Central TV channels invite him to their talk shows to act as the troublemaker guest. In 2007, the artist presented an exhibition titled ‘Ghouls Will Not Pass!’ accompanied by a performance called ‘Freedom or TV’, in the course of which he smashed a TV set with an ax. Later, his thirst for civil stance expression resulted in a series of tanks sawn out of fiberboard under the title ‘YES to Uralvagonzavod!’
Rejecting the conventions of present-day non-conformism, the artist has always been closer to myth-making. Once he told the journalists that Hugo Chavez had presented him with a red shirt, and the media actually wrote about it! The artist also conjures up various stories, one of which is about Joseph Beuys allegedly billeted in Lipetsk before World War II.
Following the precepts of postmodernism, the artist endlessly quotes the geniuses of the twentieth century. In a series of works from the early 2000s, Yury Tatianin borrows Ilya Kabakov’s communal kitchen dialogues technique, writing over a painted dead hare: ‘Whose hare is this?’ Tatianin chooses the dead hare as his favorite subject, just like Joseph Beuys did before him: in his famous performance the German postmodernist explained to the hare the meaning of contemporary art. Along with the dead hare, Tatianin's paintings feature peasants from the paintings of Kazimir Malevich, the archetypal van Gogh with a bandage over his cut off ear, and the long since mythologized Rosa Luxemburg and Clara Zetkin.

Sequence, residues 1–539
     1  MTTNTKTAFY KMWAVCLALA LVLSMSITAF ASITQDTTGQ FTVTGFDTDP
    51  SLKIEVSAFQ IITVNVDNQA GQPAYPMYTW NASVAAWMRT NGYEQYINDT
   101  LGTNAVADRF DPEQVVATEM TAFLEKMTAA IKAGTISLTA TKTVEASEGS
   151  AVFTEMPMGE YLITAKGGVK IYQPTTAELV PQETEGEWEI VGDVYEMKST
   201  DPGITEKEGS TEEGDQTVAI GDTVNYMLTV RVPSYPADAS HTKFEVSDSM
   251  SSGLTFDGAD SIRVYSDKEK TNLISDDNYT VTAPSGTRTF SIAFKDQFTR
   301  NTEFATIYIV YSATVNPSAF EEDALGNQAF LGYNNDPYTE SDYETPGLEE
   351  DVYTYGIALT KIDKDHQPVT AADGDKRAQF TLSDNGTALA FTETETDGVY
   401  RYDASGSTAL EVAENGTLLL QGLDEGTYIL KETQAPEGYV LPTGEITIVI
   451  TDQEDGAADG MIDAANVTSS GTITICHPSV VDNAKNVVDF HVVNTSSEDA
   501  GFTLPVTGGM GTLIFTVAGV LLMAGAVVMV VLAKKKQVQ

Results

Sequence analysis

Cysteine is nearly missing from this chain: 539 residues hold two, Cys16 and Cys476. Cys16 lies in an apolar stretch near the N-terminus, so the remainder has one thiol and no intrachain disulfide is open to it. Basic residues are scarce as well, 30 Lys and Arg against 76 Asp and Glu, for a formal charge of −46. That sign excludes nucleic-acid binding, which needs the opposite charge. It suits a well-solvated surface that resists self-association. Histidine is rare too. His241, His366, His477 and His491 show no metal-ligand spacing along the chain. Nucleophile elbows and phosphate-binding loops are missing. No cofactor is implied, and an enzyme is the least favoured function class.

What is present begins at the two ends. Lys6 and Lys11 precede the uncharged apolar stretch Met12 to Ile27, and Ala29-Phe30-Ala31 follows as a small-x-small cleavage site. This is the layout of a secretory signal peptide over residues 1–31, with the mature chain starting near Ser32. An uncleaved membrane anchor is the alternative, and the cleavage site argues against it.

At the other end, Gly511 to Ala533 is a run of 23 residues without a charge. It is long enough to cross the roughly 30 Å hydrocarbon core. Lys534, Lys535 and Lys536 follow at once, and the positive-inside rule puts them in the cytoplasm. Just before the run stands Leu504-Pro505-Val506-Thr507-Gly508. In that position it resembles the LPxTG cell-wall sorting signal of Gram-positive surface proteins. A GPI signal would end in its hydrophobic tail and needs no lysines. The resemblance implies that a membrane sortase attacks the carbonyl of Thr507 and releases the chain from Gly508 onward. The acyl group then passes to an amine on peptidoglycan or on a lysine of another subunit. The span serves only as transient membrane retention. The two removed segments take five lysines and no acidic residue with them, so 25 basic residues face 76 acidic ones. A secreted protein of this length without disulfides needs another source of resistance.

Directly addressing the theme of this exhibition at the Erarta Museum, it should be explained that the general concept of a central park of culture and leisure was coined after the Russian Civil War, when the massive influx of village population to the cities created an urgent need for some organized leisure activities. Central Parks across the country became a part of the ideological project devoted to building a new communist society and forging a new man. ‘An artist must work with the collective memory of his people,’ says Ilya Kabakov.
The exhibition “Park of Culture and Leisure Named after Tatianin” presents the artist’s objects and paintings united by a kind of nostalgic longing for the Soviet past and the paradoxical present. Residents of Lipetsk can easily witness the vitality of the Soviet era traditions: the city has several monuments to Lenin, one of them, carefully painted with bronze paint, is standing in the park, sparkling in the sun. Nearby there is a board of honor for the city’s distinguished workers, another such board is displayed at the central entrance to the city-forming metallurgical plant. In spring, they still whitewash the tree trunks and flower bed borders.
The well-kept Park of Culture and Leisure is a Soviet Paradise, the quintessence of a Soviet person’s expectations from the bright future. And now the future has come, but it is absolutely different from what was expected. At this Erarta Museum exhibition Yury Tatianin comes to grips with the aesthetics of Soviet everyday life in his own way, bringing it to the point of absurdity.